Report: Aoun Determined, New Election Law Must be Agreed

Lebanese President Michel Aoun, sits at the presidential palace in Baabda, east of Beirut, Lebanon, Monday, Oct. 31, 2016. Lebanon's parliament on Monday elected Michel Aoun, an 81-year-old former army commander and strong ally of the militant group Hezbollah, as the country's president, ending a more than two-year vacuum in the top post and a political crisis that brought state institutions perilously close to collapse. (AP Photo/Bilal Hussein)

As political parties bicker to find a new electoral law that meets the approval of all factions, President Michel Aoun made a firm stance and assured that the upcoming parliamentary elections will not be held based on the current 1960 law and that a new law must be stipulated, al-Joumhouria daily reported Saturday.

The President’s position is firm, and was reiterated in several occasions the most recent was during an interview with Al-Arabiya television that was recorded during his presence in Riyadh, where he said: “There is a Lebanese will to pass a new law and the debate is currently revolving around which law is the best for everyone,” added the daily.

Aoun and an accompanying delegation of ministers concluded a visit to Saudi Arabia and Qatar on Thursday.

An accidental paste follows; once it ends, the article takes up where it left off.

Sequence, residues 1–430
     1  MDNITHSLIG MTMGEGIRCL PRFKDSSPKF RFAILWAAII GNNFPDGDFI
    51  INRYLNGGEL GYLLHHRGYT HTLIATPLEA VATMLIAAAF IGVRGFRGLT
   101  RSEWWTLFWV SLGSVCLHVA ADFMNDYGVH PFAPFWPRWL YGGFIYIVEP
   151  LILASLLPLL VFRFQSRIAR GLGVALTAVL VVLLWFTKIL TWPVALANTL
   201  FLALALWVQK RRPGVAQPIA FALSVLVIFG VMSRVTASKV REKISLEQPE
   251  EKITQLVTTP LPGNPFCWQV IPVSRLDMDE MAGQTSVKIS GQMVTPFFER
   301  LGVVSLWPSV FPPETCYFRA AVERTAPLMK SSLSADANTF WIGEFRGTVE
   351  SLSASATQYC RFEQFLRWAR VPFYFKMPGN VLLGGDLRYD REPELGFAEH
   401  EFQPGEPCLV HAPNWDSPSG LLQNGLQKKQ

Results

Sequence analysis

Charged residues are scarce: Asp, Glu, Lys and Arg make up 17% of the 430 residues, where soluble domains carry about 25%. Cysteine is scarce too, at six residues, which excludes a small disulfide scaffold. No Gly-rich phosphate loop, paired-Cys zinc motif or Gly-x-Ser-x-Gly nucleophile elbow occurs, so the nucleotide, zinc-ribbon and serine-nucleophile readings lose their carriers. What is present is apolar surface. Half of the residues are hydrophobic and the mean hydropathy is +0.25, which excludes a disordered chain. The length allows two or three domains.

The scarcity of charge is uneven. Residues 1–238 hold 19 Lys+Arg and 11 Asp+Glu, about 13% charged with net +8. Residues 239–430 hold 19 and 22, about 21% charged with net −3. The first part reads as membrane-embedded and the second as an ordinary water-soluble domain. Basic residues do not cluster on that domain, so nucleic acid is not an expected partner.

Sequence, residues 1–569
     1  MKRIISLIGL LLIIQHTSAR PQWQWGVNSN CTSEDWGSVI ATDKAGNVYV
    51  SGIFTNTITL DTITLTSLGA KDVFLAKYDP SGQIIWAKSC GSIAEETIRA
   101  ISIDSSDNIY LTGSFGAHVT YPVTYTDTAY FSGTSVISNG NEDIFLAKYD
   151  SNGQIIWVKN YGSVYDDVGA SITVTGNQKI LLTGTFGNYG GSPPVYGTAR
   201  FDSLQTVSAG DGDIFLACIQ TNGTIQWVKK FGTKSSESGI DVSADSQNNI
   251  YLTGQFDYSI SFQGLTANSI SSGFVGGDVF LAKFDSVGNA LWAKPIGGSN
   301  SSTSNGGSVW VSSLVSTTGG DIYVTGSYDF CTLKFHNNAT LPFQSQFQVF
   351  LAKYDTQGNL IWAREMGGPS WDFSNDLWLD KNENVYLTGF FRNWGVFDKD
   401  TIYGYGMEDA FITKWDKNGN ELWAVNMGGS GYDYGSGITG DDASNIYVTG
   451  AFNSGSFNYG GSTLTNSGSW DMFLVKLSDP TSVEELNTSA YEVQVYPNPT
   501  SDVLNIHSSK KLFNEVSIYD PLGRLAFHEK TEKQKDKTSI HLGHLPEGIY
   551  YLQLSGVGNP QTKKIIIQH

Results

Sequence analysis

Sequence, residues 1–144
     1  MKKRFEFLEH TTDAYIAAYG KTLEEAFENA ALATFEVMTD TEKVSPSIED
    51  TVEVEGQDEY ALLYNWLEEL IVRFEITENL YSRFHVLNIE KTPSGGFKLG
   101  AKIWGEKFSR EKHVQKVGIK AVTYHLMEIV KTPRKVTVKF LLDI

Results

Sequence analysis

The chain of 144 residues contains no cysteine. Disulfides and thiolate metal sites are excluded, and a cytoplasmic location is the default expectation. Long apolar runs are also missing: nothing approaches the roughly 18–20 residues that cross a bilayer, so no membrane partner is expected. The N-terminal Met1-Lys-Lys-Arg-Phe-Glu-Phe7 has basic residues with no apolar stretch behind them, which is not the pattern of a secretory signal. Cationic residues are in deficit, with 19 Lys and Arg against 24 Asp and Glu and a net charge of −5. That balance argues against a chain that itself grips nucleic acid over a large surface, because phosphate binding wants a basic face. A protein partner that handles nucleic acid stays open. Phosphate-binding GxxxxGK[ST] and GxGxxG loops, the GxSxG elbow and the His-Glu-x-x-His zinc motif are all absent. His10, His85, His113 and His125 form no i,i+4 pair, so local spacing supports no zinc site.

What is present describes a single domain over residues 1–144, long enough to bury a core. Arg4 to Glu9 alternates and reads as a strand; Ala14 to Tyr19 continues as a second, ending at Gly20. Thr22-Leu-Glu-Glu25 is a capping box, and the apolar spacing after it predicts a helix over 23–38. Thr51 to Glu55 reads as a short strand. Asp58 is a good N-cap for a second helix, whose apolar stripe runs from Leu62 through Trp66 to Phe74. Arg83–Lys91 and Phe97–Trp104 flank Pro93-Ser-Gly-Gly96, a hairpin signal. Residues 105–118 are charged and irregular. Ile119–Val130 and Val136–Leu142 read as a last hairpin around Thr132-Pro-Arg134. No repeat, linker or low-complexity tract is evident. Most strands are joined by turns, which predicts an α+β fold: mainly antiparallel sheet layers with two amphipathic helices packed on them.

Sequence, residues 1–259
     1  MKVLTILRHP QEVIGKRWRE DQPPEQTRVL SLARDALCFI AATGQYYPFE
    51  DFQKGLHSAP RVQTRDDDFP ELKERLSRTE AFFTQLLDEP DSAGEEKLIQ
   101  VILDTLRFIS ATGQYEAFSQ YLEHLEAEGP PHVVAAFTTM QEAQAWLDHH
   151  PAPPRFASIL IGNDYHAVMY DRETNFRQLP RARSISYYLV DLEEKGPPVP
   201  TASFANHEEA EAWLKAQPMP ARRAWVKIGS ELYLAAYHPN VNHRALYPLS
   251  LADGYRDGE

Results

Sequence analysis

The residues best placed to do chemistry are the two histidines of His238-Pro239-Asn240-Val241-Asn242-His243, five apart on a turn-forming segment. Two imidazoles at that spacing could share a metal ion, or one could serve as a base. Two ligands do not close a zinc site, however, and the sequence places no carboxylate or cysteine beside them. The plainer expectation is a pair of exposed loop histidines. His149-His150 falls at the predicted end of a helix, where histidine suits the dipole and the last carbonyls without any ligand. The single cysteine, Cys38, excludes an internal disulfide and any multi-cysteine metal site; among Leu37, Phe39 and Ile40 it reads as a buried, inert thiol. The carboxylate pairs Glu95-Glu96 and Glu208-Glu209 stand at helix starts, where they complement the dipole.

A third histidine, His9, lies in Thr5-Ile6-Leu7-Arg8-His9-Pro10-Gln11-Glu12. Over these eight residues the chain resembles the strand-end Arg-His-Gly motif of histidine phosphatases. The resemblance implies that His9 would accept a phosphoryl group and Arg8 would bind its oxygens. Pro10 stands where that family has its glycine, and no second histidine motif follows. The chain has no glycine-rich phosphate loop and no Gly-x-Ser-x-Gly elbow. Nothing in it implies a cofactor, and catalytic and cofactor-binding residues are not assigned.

The daily added, ministers in the delegation that accompanied Aoun to SA and Qatar, held sideline meetings there to deliberate the issue. It was another indication of the serious efforts to reach an agreement and the president’s will to push political forces to agree on a new electoral law.

Political parties are bickering over amending the current election law which divides seats among the different religious sects.

Hizbullah has repeatedly called for an electoral law based on proportional representation but other political parties, especially al-Mustaqbal Movement, have rejected the proposal and argued that the party’s controversial arsenal of arms would prevent serious competition in regions where the Iran-backed party is influential.

Mustaqbal, the Lebanese Forces and the Progressive Socialist Party have meanwhile proposed a hybrid electoral law that mixes the proportional representation and the winner-takes-all systems. Speaker Nabih Berri has also proposed a hybrid law.

The current parliament has failed to amend the law, and has extended its mandate twice amid criticism. New elections are scheduled for May 2017.